Research Papers: Polar and Arctic Engineering

A Finite Element Method-Based Potential Theory Approach for Optimal Ice Routing

[+] Author and Article Information
Henry Piehl

Department of Marine Technology,
Norwegian University of Science and
Technology, NTNU,
Trondheim 7491, Norway
e-mail: henry.piehl@ntnu.no

Aleksandar-Saša Milaković

Department of Marine Technology,
Norwegian University of Science and
Technology, NTNU,
Trondheim 7491, Norway

Sören Ehlers

Department of Ship Structural
Design and Analysis,
Hamburg University of Technology, TUHH,
Hamburg 21073, Germany

1Corresponding author.

Contributed by the Ocean, Offshore, and Arctic Engineering Division of ASME for publication in the JOURNAL OF OFFSHORE MECHANICS AND ARCTIC ENGINEERING. Manuscript received June 10, 2016; final manuscript received June 7, 2017; published online August 8, 2017. Assoc. Editor: Marcelo R. Martins.

J. Offshore Mech. Arct. Eng 139(6), 061502 (Aug 08, 2017) (7 pages) Paper No: OMAE-16-1059; doi: 10.1115/1.4037141 History: Received June 10, 2016; Revised June 07, 2017

Shipping in ice-covered regions has gained high attention within recent years. Analogous to weather routing, the occurrence of ice in a seaway affects the selection of the optimal route with respect to the travel time or fuel consumption. The shorter, direct path between two points—which may lead through an ice-covered area—may require a reduction of speed and an increase in fuel consumption. A longer, indirect route, could be more efficient by avoiding the ice-covered region. Certain regions may have to be avoided completely, if the ice thickness exceeds the ice-capability of the ship. The objective of this study is to develop a computational method that combines coastline maps, route cost information (e.g., ice thickness), transport task, and ship properties to find the optimal route between port of departure, A, and port of destination, B. The development approach for this tool is to formulate the transport task in the form of a potential problem, solve this equation with a finite element method (FEM), and apply line integration and optimization to determine the best route. The functionality of the method is first evaluated with simple test problems and then applied to realistic transport scenarios.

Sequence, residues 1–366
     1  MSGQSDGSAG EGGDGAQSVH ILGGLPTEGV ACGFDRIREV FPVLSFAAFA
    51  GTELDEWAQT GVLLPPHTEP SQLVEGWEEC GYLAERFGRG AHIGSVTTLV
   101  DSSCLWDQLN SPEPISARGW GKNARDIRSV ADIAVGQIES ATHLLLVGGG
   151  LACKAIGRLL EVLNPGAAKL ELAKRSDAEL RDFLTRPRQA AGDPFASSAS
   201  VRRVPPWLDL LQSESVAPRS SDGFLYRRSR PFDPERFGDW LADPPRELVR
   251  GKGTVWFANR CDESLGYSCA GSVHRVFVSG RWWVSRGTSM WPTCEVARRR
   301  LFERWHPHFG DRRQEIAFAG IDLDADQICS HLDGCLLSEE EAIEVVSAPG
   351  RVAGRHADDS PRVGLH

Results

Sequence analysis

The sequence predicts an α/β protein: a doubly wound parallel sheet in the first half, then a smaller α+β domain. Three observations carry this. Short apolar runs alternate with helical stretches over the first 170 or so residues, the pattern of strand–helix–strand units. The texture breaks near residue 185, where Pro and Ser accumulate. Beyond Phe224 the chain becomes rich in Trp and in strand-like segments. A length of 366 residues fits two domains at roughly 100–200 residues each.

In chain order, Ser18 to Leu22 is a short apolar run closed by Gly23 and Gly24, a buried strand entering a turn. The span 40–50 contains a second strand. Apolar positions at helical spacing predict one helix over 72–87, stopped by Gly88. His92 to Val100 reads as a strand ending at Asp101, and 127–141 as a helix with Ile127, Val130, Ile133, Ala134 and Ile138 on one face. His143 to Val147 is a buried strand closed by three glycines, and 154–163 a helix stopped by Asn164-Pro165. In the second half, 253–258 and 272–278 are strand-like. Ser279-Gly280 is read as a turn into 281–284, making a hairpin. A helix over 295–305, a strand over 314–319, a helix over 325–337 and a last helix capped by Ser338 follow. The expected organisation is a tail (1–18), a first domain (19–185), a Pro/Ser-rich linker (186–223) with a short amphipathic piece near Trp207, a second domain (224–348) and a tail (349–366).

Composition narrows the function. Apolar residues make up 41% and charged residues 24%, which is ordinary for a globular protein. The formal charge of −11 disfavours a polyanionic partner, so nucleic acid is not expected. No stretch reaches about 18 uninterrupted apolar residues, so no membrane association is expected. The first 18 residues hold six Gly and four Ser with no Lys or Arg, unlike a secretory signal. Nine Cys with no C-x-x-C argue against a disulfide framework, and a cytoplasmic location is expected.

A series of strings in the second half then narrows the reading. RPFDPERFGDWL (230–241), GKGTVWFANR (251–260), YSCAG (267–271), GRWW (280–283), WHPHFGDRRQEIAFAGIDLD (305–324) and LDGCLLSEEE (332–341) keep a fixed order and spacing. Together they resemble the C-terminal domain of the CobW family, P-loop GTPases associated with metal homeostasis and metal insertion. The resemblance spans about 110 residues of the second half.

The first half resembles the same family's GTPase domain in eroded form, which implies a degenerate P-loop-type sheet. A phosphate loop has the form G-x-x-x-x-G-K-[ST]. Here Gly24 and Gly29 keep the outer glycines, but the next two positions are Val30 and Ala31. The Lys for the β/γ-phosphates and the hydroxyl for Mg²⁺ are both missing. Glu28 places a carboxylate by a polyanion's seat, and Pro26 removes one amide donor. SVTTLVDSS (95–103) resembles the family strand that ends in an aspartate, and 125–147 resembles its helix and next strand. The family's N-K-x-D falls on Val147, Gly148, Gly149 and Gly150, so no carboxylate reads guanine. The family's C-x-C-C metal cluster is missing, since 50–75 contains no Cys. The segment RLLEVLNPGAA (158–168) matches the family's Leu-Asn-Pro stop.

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Fig. 1

Test case setup for routing around the island of Fehmarn

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Fig. 2

Finite element mesh around island of Fehmarn

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Fig. 4

FEM potential field solution

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Fig. 9

Route-straightening procedure

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Fig. 10

Initial and improved northern route around the island if an ice field is present

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Fig. 11

Initial and improved southern route through the strait between island and mainland

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Fig. 5

Gradient vector field

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Fig. 6

Magnitude of gradient vector field

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Fig. 7

Collection of initial routes computed from vector field

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Fig. 8

Relative route costs for possible paths through gradient vector field



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